Not just horsing around

Published 12:41 pm Friday, October 10, 2008

In the new teen area in the Helena library several young ladies were applying themselves to their studies and I happened to notice a fat binder labeled “Laura’s Art Notebook” with four pencil sketches of horses finely captured on the front.

Laura Smith, 14, is the oldest sibling and aspiring artist in a family of five home-schooled children, all voracious readers. Laura’s mother, Melissa, began home schooling her at 5.

“My mother has always encouraged my love for drawing. We have all taken group classes, but in the past two years I have worked one-on-one with an art teacher,” Laura said. “In exchange, my mother teaches her daughter piano lessons.”

Laura said she once tore up her older drawings because she felt like each new one was better, but now she can see the value of keeping a record of the progression of her artistic development. Her notebook contains a selection of people sketches, animal sketches and horses, horses, horses.

“Even my math book has horses doodled in all the borders,” she admits.

Horses are definitely her thing, as reflected by her reading material and large collection of mostly Breyer collectible horse statues. She has a designated “Horse Corner” in the family playroom which houses stalls, horse games and horse accessories such as the custom barn her father, Eric, built for her.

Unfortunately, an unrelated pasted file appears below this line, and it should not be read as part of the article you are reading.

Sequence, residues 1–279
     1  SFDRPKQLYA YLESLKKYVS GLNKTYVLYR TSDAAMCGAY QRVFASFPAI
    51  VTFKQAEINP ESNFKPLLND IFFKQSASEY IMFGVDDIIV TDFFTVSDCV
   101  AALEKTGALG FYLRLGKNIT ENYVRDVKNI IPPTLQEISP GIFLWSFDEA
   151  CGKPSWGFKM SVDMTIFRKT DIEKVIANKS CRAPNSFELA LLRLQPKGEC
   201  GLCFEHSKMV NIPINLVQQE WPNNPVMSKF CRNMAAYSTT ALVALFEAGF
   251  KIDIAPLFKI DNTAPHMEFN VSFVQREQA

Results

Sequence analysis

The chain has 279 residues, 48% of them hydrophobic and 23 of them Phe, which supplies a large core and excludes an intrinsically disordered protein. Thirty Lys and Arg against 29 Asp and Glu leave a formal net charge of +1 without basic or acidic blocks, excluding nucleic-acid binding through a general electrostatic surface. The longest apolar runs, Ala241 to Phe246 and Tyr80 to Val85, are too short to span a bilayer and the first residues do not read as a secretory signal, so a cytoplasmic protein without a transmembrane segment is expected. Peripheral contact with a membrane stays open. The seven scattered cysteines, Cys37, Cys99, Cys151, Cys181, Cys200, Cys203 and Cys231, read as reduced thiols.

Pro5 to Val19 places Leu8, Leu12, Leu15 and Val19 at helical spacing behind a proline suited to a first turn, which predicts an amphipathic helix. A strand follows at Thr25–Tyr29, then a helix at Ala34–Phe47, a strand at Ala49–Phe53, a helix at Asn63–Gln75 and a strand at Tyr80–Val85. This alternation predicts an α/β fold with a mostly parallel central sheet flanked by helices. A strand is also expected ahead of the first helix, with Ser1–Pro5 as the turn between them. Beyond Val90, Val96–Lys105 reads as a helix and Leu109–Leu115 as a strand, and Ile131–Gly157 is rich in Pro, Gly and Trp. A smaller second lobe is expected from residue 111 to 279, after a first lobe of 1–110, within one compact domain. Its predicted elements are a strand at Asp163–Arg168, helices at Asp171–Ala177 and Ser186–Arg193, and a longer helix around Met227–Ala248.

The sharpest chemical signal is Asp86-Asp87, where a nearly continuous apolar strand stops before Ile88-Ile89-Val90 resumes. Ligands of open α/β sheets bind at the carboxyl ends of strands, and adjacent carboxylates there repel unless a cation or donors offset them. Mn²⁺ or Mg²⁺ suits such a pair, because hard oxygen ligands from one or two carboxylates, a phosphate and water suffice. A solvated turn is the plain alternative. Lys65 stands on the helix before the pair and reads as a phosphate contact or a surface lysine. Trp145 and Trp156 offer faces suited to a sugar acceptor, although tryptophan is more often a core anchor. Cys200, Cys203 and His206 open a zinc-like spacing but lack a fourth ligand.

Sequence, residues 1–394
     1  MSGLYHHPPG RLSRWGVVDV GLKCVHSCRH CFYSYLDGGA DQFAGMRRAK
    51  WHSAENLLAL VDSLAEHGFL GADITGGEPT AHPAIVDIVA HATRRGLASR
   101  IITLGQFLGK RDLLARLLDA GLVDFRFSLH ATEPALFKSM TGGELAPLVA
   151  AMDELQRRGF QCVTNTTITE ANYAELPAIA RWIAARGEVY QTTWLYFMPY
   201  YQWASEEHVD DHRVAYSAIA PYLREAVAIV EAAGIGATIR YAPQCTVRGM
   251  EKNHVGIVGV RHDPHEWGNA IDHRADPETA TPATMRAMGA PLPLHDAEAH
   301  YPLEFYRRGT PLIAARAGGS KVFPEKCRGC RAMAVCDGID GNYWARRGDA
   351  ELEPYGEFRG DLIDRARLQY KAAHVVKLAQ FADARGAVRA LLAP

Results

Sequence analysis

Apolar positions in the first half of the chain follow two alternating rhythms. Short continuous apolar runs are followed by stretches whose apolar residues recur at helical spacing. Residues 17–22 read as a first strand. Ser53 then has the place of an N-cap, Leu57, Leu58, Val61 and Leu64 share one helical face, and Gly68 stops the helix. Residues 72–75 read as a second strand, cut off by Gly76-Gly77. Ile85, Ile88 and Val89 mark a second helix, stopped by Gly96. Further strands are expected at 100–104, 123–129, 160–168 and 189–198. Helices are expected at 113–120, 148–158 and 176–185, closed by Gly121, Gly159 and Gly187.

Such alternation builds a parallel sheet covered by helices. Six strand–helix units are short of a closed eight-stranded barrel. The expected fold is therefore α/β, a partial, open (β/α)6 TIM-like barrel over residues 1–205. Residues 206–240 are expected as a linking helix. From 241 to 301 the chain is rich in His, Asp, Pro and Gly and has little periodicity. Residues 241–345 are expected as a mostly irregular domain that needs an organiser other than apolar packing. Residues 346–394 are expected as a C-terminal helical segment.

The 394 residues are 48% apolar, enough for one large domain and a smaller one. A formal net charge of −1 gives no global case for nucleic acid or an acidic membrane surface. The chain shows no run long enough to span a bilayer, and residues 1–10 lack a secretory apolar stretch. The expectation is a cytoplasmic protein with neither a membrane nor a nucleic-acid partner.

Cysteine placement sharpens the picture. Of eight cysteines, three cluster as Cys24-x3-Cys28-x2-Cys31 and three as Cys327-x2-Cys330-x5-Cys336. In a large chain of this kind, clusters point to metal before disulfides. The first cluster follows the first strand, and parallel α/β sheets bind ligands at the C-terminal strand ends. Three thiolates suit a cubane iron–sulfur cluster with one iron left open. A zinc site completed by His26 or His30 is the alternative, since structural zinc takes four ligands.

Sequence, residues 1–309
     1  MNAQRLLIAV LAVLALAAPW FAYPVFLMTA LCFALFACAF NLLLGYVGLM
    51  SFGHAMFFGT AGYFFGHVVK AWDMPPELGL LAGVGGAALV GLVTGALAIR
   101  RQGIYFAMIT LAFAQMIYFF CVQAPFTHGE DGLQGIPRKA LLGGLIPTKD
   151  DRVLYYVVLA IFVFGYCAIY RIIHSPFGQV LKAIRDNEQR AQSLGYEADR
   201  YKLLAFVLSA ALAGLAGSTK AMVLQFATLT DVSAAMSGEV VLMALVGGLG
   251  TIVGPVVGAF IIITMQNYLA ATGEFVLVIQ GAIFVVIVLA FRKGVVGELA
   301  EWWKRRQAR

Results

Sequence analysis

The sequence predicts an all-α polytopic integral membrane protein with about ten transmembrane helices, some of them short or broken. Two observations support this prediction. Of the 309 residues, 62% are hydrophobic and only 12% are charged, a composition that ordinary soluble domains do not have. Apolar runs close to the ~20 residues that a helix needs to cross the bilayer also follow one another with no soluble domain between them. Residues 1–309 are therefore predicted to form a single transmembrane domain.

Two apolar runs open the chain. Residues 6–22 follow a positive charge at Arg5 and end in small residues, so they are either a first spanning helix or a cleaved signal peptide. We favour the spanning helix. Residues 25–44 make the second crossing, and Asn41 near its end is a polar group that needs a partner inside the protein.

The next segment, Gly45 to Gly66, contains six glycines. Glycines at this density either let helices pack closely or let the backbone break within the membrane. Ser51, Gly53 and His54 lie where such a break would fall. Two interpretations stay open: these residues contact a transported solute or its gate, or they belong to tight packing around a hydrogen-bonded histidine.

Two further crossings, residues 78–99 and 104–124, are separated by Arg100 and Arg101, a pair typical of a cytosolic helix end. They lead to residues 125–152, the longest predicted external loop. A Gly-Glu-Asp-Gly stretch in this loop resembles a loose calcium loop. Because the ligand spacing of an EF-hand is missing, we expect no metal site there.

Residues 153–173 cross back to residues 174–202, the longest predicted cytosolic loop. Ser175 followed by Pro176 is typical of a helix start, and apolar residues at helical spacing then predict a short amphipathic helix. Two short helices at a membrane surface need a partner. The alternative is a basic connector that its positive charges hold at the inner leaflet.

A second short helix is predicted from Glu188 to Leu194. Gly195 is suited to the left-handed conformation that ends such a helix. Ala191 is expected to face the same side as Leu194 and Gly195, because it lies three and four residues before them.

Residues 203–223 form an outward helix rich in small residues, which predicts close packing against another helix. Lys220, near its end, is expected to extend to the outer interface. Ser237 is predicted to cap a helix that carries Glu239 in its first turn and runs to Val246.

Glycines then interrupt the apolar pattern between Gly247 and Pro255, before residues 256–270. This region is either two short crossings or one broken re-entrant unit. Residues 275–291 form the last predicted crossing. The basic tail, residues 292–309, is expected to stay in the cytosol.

Laura recommends Walter Farley’s Black Stallion series and Justin Morgan Had a Horse by Marguerite Henry.

“We studied the state of Vermont where this story took place,” she says. “And with my birthday money this year, I bought a Breyer Black Stallion statue that came with two books on ebay,” Laura said.

Perhaps for Laura, her most referenced book is The Complete Book of Horses and Horsemanship by C. W. Anderson, which contains beautiful illustrations. “Many of his books are out of print and not easy to come by,” she adds.

Just this past week, her family saw the Leonardo da Vinci show at the Birmingham Museum of Art. For Laura, the highlight was spending time sketching from the equine studies of Leonardo himself. Laura draws only in pencil at this time, using colored pencils or crayons only in her people sketches.

Laura’s supportive parents have even provided her with a Web site at: